I will never convince my husband to love romance and cheesy pop music. And he will never convince me to love blues and gritty mystery novels. But the dirty little secret is that we love our genres for the same reason
My husband is a blues musician. He plays piano and Hammond B3 organ. He was trained classically and as a teenager began playing jazz piano, but it wasn’t until he was an adult living in Iowa City and discovered a club called The Metro that he fell in love with blues. When he did, it had the hallmarks of good romance, that twin sense of both surprise and inevitability. Of course: This is what I’ve been waiting for.
My love affair with romance follows a slightly different—but equally familiar path—it’s more of a reconciliation story. My first romance novels, like so many girls’, were Jean Auel’s Earth’s Children books. But soon after that, I discovered Harlequin romance and other books tucked and stashed in my mother’s and other mothers’ bookshelves. It was love, but our families were determined to keep us apart. When I told my novelist mother that I wanted to write romance when I grow up, she told me I couldn’t. I’d hate it, she said. (She was wrooooooooong, but that’s another story.)
College came between me and romance, too, asserting that only literary books were worth reading. So for years in my twenties and early thirties that’s what I read, and if I had a constant sense that I was missing the compelling reading experiences of late childhood and my teenage years, I told myself that that was just how it felt to grow out of Nancy Drew.
Finally a guardian angel of sorts told me to read Diana Gabaldon’s Outlander, and I realized that in point of fact, there was another way. And then—well, like every story of reconciliation, there was brow-beating and teeth-gnashing about lost years, and that sense of newness and familiarity … you know the tale.
As for the cheesy pop—I grew up in a classical household; my mother tolerated pop but my father scorned it and I didn’t listen to the radio ‘til I was thirteen. Maybe there was something special about coming into popular music as a young teenager. Maybe I was primed to glom onto the music of the moment and never let it go. Or maybe you can view my entire taste in all art forms as one giant rebellion against my high-brow upbringing. (Or—and this is the most compelling theory as far as I’m concerned—I like cheesy pop music because so much of it is alpha male singers exhorting their innocent girlfriends to say yes to se—I mean love—you know, kinda like romance…)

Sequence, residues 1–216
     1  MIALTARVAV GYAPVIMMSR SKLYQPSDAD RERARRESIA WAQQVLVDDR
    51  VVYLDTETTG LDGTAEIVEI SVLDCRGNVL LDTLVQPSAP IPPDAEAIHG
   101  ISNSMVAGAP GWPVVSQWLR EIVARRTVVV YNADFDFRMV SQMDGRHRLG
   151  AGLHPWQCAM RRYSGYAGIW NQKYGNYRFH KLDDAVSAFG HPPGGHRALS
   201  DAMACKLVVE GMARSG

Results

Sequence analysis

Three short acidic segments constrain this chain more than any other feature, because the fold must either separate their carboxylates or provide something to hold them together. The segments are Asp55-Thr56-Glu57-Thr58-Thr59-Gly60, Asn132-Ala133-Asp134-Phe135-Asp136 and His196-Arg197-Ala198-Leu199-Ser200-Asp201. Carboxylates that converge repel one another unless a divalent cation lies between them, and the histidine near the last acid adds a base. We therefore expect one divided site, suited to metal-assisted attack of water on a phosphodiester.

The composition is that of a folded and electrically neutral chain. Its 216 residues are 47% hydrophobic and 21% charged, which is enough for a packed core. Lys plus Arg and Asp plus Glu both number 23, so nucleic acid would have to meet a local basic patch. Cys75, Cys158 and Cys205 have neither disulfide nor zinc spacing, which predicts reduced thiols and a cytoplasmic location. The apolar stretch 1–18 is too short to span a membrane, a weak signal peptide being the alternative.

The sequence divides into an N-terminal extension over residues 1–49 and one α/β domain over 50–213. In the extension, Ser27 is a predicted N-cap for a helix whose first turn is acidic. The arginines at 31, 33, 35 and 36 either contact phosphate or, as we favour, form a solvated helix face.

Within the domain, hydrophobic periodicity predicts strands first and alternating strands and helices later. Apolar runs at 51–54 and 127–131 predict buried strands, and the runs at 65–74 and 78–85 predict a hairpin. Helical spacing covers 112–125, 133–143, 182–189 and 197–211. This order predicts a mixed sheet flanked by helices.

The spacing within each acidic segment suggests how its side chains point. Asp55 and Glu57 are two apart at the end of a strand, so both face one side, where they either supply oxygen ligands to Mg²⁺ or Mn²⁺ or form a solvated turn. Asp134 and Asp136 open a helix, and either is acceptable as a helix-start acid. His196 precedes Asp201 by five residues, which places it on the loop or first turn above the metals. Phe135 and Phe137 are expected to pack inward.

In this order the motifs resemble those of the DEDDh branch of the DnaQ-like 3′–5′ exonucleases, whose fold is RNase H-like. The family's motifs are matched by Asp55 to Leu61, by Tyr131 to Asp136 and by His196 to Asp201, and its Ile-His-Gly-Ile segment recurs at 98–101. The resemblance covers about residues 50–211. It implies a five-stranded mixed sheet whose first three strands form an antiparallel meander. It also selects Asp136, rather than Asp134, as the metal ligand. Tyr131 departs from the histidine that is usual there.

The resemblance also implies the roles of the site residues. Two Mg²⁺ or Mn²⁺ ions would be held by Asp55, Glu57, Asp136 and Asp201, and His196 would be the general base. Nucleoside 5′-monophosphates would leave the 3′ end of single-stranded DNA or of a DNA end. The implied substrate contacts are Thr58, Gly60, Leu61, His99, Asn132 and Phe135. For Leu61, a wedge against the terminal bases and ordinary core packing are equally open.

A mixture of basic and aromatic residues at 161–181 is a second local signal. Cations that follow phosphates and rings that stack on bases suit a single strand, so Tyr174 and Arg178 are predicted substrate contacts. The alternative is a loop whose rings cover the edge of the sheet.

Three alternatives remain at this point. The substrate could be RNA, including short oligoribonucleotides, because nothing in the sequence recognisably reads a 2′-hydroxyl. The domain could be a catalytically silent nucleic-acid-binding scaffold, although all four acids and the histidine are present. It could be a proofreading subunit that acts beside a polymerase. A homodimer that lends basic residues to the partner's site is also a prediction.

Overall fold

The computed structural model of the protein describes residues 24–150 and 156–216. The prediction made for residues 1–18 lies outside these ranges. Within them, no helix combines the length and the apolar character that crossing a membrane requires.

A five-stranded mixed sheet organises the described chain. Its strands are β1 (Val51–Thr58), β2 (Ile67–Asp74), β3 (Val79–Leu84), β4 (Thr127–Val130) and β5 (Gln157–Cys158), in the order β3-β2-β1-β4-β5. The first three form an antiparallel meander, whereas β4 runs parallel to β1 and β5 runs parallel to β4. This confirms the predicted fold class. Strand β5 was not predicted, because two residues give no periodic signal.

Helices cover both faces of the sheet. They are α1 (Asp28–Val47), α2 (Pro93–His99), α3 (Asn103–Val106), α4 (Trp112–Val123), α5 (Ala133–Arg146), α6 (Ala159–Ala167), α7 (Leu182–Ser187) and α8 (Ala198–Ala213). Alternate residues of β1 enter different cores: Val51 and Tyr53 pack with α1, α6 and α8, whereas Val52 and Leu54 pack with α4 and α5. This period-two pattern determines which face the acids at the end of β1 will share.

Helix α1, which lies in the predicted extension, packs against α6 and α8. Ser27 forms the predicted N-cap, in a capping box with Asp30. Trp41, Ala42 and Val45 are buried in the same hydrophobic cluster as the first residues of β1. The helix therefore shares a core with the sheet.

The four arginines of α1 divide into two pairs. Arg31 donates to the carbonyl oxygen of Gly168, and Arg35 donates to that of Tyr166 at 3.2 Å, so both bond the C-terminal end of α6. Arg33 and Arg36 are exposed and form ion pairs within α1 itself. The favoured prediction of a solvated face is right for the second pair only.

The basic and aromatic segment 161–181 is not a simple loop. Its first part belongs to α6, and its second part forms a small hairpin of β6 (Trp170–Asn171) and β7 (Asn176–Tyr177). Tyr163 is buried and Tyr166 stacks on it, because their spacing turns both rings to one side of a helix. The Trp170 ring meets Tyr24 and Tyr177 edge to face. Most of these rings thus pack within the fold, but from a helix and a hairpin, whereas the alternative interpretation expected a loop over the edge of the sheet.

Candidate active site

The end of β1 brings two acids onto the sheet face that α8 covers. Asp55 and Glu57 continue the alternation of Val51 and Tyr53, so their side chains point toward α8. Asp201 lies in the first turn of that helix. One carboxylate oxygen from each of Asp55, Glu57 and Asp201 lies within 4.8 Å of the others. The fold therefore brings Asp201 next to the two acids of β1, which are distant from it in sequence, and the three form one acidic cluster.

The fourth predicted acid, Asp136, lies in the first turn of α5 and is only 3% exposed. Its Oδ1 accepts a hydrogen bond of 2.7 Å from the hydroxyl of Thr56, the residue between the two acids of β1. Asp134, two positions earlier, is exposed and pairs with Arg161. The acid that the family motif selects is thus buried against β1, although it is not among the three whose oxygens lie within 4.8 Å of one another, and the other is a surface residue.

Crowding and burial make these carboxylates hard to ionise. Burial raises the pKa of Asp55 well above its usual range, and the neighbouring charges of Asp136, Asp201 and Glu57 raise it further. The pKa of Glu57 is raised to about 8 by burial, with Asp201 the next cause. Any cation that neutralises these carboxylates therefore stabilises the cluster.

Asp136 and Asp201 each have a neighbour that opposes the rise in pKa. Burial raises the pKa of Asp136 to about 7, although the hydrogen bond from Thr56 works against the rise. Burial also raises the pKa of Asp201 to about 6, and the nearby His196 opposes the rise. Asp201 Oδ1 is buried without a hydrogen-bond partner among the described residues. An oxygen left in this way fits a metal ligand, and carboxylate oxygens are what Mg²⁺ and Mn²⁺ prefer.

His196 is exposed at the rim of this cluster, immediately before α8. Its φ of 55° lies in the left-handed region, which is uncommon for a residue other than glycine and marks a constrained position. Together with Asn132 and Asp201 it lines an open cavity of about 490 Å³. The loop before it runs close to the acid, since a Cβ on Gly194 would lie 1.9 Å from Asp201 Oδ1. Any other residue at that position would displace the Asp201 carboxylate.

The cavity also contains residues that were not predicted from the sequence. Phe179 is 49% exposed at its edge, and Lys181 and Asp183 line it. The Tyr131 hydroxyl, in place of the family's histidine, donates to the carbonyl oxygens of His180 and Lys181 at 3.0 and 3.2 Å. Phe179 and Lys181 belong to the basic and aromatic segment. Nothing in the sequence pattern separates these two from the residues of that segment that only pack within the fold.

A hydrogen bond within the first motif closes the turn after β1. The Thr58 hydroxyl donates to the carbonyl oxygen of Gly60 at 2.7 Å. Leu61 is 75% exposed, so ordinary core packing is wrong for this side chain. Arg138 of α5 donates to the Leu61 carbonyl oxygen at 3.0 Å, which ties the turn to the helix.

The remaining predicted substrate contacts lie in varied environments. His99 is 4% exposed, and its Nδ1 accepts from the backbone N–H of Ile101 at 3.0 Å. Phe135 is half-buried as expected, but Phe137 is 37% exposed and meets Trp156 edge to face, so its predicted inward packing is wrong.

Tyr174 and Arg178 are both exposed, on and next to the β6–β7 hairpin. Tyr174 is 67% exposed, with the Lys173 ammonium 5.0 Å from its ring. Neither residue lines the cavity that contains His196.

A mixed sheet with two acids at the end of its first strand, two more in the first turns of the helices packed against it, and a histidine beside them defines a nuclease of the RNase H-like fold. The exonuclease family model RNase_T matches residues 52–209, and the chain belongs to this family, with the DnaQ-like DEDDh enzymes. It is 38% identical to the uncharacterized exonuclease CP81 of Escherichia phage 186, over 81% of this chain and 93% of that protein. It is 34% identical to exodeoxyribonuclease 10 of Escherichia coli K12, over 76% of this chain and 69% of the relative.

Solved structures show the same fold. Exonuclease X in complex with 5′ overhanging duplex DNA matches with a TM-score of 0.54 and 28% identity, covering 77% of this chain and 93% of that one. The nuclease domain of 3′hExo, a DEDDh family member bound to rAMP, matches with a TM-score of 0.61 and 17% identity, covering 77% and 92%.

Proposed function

For both my husband and me, the way we feel about our genres of choice is not one of those happy accidents—it’s part of who we are artistically. We are lovers of form. My husband also writes poetry, mostly poetry whose form is recognizable beneath the flourish.
The beauty of form is that it gives you structure to work within, and your challenge is to do something astonishing and surprising within that structure. In some ways it’s easiest to see this in the blues because it’s such a rigid form, a set, unvarying chord structure. And yet somehow the songs sound different—different beats, different singers, different voices, different styles, different lyrics, different vibes. Like romance, right? One story, but an infinity of variations, and some of the pleasure—if not all of the pleasure—is in the tug of the form on the story’s need to break free.
I love studying the wonky in romance because it’s all about asking the question of how far you can stretch the form before it breaks. At what point is it not a blues song, but something else? Would you be laughed off the stage at the Thursday night blues jam at your local club? Or applauded ‘til your ears rung? Is it romance that makes you laugh, makes you burn, makes you think? Or some Frankenstein that makes someone throw the book across the room? Have you played by some of the rules and broken the rest? And which are the rules that matter?
Rules are great because you can break them. I enjoy having a schedule to write and live by, but I also like to walk away from it because I can. Without the schedule, there’s nothing to walk away from, and no sense of release. Without the rules, there’s no rebellion.
Without the form, there’s no innovation.
Besides romance, are you attracted to other strong forms? Sonnets? Mysteries? Blues or jazz? Classical music’s rigid structure? Do you find it easier to garden in a small, neat bed than—as I did before we moved cross-country—in a wide-open but not particularly well-defined yard fringed by ever-encroaching woods? How does following the rules work or not work for you in your life?